Things continue to go well a the Adams 12 STEM Magnet Lab School in the Denver metro area. They’ve moved beyond learning the system to finding ways to integrate the 9 Box into their curriculum. This is fabulous progress when you consider that I’ve only spent an hour or two over 4 sessions with the teacher Gregg Cannady. So to recap:
Session 1: Unbox and Install software and wire up hardware
Session 2: Learn startup sequence and learn and play with the method
Session 3: Learn how to make 9 Box refills from royalty free sounds in Ableton Live
Session 4: Learn how to insert recorded audio or field recordings into the 9 box (this session)
Gregg can now boot up the the system and start making music in about 3 minutes. He’s started teaching 6th graders themselves how to as well. Now some 6th graders are working on a project where they will gather audio, build their own 9 boxes using this audio, create arrangements, practice, then do a performance using the AudioCubes! They’ll do this with multiple groups with 4 players each and because it’s recorded audio and performed with spatial control and the 9 box method each performance will have a different palette of sounds and be unique.
In the photo above, you can see a shot where Gregg created two stations on either side of the computer – so one or two players on each side. Part of what I’ve provided as part of the method are printable Table Top Quick Start guides, just print the 9 pages and tape together based on the reference boxes in the corner of each page. Checkout this older post on the hand-drawn prototype of the quick start. On the wall you can see the teacher taped up the boot up sequence notes. I’ve come to fine that the boot up sequence is about as complex and time consuming as replacing and tuning a string on a guitar. Once you understand it, you don’t need the instructions, especially since the sequence itself is baked into the Table Top Quick start diagram.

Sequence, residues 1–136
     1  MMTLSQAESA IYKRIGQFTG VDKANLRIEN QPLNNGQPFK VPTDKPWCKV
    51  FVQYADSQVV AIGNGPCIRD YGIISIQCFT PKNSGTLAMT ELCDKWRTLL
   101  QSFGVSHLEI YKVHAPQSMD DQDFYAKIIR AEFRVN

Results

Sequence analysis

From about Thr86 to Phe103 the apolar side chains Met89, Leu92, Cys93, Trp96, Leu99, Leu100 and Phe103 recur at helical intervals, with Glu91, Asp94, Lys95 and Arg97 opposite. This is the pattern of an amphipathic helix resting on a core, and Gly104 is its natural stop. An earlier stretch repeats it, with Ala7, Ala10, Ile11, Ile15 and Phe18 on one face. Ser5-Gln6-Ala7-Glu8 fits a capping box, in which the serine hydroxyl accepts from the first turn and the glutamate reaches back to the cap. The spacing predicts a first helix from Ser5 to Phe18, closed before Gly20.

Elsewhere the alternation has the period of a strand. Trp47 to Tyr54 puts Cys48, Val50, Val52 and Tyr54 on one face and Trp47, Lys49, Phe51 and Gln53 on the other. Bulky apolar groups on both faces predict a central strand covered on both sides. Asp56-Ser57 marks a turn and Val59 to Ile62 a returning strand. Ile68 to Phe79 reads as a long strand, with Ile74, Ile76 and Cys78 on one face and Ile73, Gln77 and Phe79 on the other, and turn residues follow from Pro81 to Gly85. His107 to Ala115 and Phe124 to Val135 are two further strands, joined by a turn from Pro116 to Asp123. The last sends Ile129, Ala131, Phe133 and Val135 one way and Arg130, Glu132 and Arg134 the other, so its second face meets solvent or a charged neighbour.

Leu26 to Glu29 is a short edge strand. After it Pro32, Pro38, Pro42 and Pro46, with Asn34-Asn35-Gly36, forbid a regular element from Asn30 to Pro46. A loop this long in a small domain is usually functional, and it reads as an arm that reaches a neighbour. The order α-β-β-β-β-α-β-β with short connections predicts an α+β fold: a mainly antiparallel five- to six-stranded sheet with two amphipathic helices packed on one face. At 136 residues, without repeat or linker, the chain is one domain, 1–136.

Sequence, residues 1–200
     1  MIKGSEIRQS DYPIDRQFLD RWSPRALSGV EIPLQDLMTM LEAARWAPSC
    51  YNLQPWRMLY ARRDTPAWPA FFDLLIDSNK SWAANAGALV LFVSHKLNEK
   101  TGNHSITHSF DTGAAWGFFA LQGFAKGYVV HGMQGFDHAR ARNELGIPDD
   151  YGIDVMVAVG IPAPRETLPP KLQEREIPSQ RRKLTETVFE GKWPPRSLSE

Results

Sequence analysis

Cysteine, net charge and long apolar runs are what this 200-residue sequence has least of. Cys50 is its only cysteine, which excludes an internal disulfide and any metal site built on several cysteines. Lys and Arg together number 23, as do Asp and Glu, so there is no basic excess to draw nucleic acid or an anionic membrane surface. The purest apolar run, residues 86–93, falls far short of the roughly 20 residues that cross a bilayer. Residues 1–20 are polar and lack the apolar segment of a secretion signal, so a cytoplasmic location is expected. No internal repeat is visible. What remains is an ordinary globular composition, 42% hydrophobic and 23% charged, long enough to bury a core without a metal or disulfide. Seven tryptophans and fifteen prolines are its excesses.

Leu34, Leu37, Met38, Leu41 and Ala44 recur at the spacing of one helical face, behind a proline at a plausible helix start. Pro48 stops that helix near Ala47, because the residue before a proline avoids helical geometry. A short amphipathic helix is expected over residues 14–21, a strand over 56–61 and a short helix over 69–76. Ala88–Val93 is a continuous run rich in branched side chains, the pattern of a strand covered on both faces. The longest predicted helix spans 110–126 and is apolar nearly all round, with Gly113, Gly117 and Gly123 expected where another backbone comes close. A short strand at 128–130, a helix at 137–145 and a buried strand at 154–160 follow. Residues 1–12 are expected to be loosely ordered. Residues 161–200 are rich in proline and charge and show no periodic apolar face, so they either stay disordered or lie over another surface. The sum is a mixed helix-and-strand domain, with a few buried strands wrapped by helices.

Next is a shot I took of a wall in Gregg’s classroom that I thought was cool.
As a first method for getting audio into the 3x3 grid of clip slots within Ableton Live we decided to record directly into clip slots using a mic plugged into the the NI Audio Kontrol 1 sound card. So, arm a track, click on an empty slot, record, hit enter – done. I also taught Gregg how to trim audio within a clip so they could do some creative editing and create multiple clips from one source clip.
As a test, we recorded some vocals, and some percussive sounds with instruments in the classroom which was great fun.
Lastly, here is a shot of the 9 Box template with instructions on the wall. Check out the Mastering Theremin DVD behind the computer. This comes in the box with Moog Etherwave Theremin’s by the way.
More to come…